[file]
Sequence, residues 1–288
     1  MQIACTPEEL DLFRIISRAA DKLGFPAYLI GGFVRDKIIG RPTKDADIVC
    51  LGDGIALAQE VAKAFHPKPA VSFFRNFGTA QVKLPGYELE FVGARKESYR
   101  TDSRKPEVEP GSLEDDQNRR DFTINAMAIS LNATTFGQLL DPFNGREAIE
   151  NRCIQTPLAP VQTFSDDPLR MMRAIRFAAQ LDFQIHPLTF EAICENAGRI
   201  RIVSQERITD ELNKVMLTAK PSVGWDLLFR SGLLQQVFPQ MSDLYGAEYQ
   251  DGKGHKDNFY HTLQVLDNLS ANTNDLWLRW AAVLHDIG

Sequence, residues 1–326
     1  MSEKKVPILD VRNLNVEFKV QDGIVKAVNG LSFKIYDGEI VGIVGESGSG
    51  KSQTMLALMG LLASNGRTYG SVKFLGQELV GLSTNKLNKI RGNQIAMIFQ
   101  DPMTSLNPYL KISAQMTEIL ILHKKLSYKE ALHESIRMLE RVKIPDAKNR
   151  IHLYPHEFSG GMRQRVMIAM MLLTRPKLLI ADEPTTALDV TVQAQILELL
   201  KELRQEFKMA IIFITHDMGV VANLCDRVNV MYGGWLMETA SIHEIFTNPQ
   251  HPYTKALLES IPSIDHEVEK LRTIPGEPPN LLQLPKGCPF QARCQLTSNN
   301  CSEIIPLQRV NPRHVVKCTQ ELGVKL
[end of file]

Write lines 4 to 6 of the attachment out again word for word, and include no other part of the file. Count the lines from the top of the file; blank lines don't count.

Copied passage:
   101  TDSRKPEVEP GSLEDDQNRR DFTINAMAIS LNATTFGQLL DPFNGREAIE
   151  NRCIQTPLAP VQTFSDDPLR MMRAIRFAAQ LDFQIHPLTF EAICENAGRI
   201  RIVSQERITD ELNKVMLTAK PSVGWDLLFR SGLLQQVFPQ MSDLYGAEYQ